Mara, Daughter of the Nile is a tale of intrigue and romance that will capture the imagination of girls twelve and older. Mara is a slave girl willing to risk beatings from a brutal master in order to breathe the air outside the compound where she lives and works. On one such outing she steals a loaf of bread and, while eluding capture, attracts the attention of two powerful men: one, the right-hand man to the true ruler of Egypt, the other an official in the service of the illegitimate queen. Both notice Mara's native wit and grace and both decide that she could be useful to them.
Thus begins an exciting tale of political intrigue and romance in which Mara, desperate for freedom, allows herself to be used by both sides. Her resolve and intelligence are constantly tested as she meets one threat after another. Slowly she finds herself drawn to the cause of good. As her heart softens toward others and their troubles, she finds herself drawn to the righteousness of the pharaoh's cause and, above all, to true love. Not even Mara herself knows how profoundly she has been transformed -- from a fearful grasping slave girl to a woman guided by faithfulness and love -- until the story's exciting climax.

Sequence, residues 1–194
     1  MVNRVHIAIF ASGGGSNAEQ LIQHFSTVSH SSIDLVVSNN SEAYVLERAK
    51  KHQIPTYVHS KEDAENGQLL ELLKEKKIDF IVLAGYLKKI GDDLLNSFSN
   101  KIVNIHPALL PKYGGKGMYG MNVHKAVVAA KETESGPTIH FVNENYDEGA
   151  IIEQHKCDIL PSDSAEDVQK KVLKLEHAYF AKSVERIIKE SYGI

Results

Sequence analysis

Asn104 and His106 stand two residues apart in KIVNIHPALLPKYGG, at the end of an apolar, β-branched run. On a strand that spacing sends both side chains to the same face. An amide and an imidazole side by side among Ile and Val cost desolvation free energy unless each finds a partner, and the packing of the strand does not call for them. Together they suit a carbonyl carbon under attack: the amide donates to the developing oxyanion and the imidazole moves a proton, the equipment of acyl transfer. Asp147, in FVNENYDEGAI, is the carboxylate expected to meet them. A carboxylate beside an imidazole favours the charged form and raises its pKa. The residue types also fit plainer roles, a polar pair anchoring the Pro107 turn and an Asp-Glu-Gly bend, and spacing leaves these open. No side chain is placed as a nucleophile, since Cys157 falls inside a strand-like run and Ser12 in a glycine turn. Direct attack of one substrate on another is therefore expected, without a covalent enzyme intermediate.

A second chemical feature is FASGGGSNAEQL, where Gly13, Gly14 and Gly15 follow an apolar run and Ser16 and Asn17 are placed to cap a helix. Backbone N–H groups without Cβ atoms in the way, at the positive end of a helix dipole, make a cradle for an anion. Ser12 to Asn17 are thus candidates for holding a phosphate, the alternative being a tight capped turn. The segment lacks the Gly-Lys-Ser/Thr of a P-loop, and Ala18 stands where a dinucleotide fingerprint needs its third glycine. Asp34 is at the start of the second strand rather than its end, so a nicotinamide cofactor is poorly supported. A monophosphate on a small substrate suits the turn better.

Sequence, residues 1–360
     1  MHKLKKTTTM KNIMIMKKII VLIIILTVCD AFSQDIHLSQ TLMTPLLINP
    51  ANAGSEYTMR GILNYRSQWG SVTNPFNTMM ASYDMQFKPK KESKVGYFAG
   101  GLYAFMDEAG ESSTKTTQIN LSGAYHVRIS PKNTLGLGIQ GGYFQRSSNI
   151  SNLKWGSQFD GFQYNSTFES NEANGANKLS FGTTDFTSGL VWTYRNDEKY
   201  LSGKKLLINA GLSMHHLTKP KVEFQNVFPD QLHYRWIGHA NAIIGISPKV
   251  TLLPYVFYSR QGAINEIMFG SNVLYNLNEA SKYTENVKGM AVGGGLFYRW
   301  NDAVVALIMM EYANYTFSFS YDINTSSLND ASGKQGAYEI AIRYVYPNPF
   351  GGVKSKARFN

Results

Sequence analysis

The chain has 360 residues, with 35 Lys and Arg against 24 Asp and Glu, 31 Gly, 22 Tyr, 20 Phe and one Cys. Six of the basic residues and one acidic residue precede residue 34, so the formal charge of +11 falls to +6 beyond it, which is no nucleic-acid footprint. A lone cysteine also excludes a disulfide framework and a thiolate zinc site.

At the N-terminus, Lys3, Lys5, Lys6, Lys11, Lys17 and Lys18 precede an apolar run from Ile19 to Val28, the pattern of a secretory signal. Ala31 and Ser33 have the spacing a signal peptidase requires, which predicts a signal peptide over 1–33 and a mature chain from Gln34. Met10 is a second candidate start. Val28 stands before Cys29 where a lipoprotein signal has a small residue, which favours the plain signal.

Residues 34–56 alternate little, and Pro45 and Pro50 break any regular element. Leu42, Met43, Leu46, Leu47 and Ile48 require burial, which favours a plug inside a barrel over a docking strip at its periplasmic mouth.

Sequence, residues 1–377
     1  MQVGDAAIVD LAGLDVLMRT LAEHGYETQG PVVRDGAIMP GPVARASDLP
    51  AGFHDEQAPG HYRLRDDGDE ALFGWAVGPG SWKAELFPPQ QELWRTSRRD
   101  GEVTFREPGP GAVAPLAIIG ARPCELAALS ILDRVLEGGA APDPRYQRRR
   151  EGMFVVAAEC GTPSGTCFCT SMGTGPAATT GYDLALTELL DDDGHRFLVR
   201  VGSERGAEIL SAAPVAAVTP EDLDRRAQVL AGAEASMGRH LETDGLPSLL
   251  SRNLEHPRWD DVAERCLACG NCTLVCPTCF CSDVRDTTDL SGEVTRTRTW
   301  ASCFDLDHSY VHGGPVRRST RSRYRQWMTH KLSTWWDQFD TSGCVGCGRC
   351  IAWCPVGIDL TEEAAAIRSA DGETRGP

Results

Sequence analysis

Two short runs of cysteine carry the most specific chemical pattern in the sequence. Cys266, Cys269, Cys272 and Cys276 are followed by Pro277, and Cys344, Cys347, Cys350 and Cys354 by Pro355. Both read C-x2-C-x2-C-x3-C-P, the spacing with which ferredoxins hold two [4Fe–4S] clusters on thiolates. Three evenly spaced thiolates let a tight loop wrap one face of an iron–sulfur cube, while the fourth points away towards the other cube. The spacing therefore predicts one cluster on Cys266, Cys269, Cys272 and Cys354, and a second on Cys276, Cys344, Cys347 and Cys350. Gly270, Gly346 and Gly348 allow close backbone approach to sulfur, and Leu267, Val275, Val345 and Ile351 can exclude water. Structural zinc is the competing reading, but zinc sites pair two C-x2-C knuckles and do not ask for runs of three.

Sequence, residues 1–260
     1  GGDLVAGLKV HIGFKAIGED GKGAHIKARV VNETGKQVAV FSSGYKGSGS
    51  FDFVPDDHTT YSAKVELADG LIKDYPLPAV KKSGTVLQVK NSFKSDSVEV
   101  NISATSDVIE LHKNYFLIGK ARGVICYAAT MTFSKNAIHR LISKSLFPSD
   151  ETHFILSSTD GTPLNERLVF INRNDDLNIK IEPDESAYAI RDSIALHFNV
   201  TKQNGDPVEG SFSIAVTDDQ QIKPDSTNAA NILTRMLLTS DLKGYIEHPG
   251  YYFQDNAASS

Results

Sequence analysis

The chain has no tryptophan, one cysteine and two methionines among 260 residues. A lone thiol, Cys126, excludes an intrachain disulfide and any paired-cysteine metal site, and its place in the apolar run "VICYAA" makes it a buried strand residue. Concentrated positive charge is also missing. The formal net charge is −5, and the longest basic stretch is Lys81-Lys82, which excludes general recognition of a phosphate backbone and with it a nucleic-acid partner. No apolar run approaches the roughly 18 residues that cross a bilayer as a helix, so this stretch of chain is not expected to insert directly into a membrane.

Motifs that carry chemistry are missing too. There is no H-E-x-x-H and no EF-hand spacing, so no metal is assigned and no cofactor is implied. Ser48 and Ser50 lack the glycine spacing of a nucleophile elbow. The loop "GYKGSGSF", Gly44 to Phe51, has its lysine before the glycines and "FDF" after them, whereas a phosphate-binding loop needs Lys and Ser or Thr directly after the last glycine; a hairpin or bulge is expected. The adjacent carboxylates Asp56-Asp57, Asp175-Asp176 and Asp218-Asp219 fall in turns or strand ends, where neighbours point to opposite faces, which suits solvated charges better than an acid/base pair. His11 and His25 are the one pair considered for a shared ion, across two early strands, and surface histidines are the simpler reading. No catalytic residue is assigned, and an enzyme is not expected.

Eloise Jarvis McGraw tells a riveting tale as she paints an accurate picture of ancient Egyptian life centered in the palace. Like her other book for this age group, The Golden Goblet, this story details the daily life of many groups in Egyptian society. Mara is perhaps more of a page turner, but both books are superior examples of historical fiction for young people and would augment well a study of ancient civilizations.
Margaret Hannon is a homeschooling mother. She and her husband live in Bolton, MA with five of their eight children.
This article is published by Margaret Hannon and MercatorNet under a Creative Commons licence. You may republish it or translate it free of charge with attribution for non-commercial purposes following these guidelines. If you teach at a university we ask that your department make a donation. Commercial media must contact us for permission and fees. Some articles on this site are published under different terms.